Hi. My Cruze is having issues again. The engine light came on so I took it to a mechanic to get it checked. I was told that the PCV valve was bad. They told me that the valve needs changed and the valve cover gasket needs changed. Does this sound correct for a PCV valve?
I found this online about the valve. I guess this answers my question.
It’s PVC for Positive Crankcase Ventilation. I’m not familiar with the Cruze engine, but I question the need to remove the camshaft cover to replace the PCV valve. On most engines, it’s a 30 second operation. I’ve never seen an engine where removing the cover was necessary, but I’m willing to learn. Is the cam cover leaking?
What about the 5-year 100K mile emissions warranty?
MG, I think he meant that he was told that both needed to be done, not that the latter needed doing in order to do the former.
As I asked, is the cam cover leaking? Can the OP ascertain whether or not it is? Are there oil drops on the ground? Does the OP smell oil smoke from oil burning on the exhaust manifold? It might be leaking, but then it might not. What mechanic made the diagnosis, Iffy lube, or a trusted indy shop? Sorry I’m suspicious.
You should be.
I’ve often complained that these “needed” gasket replacements are often being used as high-profit low-risk revenue generators.
I also wonder why a PCV valve on a 2012 needs to be changed.
And, frankly, if the PCV valve is stuck and excess pressure is forcing oil seepage past the valvecover gasket, why would a 3-year-old valvecover gasket need replacing once the source of the excess pressure (the clogged valvecover gasket) were replaced?
And I’d love to know what the code(s) was(were). I can’t think of any monitoring device that would notify the ECU of elevated crankcase pressure or a malfunctioning PCV valve in any way.
I’m starting to wonder if the mechanic couldn’t find the cause of the code(s) and went trolling for dollars.
OP, what were the codes?
Has the OP left the building?
If the OP is still monitoring this thread, I think that the obvious/logical course of action is to recognize that the PCV may need TO BE changed. This part is perhaps the cheapest one in your entire car, and spending the $5.00 or so for installing a new PCV valve is a very inexpensive way to–possibly–stop seepage of oil from the valve cover gasket.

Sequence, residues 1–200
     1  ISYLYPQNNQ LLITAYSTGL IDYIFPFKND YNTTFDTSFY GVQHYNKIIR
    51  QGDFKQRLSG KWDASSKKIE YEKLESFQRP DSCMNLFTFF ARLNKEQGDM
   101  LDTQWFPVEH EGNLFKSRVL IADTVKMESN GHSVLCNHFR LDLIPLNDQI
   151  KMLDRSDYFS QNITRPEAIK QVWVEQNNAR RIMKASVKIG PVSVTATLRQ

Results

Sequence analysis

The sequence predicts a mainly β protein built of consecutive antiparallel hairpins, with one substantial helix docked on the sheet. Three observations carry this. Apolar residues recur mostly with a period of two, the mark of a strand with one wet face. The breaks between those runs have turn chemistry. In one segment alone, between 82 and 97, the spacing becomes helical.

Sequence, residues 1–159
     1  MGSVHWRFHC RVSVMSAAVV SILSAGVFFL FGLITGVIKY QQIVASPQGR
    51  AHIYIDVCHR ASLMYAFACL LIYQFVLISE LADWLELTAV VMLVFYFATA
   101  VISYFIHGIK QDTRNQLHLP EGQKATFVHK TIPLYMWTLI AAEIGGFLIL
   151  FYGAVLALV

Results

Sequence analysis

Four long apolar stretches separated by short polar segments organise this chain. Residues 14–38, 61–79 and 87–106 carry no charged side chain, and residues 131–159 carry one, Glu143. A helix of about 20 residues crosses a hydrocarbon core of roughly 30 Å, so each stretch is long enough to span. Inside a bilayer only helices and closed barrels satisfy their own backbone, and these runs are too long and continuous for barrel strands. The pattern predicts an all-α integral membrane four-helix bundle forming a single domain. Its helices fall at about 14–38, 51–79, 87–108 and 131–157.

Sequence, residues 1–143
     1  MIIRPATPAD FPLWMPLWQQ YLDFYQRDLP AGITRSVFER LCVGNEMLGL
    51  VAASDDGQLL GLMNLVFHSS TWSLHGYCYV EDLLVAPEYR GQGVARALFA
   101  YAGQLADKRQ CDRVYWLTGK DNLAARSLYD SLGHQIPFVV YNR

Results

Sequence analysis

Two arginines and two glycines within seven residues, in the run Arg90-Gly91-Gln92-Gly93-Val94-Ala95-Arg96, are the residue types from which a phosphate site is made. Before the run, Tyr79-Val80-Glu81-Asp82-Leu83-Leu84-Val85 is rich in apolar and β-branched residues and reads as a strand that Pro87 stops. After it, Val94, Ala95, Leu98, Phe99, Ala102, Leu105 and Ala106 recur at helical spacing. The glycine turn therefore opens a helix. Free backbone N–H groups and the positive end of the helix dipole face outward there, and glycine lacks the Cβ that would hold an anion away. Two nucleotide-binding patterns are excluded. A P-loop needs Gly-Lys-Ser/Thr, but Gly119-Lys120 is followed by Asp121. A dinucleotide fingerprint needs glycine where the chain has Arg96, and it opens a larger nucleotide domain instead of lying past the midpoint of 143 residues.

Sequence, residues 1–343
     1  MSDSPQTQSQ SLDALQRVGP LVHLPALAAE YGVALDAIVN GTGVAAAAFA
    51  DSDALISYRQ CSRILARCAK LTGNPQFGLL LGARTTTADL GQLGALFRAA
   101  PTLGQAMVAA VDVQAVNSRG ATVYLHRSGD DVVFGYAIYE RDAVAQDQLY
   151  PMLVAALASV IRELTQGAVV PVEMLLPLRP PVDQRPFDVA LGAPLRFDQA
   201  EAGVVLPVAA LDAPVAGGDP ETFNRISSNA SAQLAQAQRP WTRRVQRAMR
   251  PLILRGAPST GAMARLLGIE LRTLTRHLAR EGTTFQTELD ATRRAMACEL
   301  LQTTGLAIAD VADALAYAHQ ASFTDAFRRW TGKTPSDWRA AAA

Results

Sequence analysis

If that doesn’t stop the seepage, then it will be necessary to delve more deeply into the problem, but I see this potential $5.00 solution as a reasonable approach at this point.
Does the valve cover gasket need TO BE changed?
Perhaps you just need to “snug up” the bolts holding the valve cover to the engine.
In any event, this $5.00 experiment is one the cheapest approaches that you could take at this point, before you decide whether to take any further action.
Check out this link about the valve.
I don’t know the codes but they advised they did further research and found the issue with the valve. I hope this is covered under the drive train warranty because it is pretty in depth.
There is a service bulletin for this. The PCV valve diaphragm can become damaged due to a missing or improperly seated intake manifold non return valve.
Have a professional who has experience with these engines diagnose this, an OEM PCV valve is $91 and if the cause of the failure isn’t corrected the replacement PCV valve will fail.
By casting the PCV valve and passages into the block and head GM saved a couple $ on hoses and fittings but made the system much more complicated to service.
So the PCV valve is an integral part of the cam cover. What will they think of next (to make more money).
No wonder it costs $91.00 instead of the usual $5.00!
What a terrible design…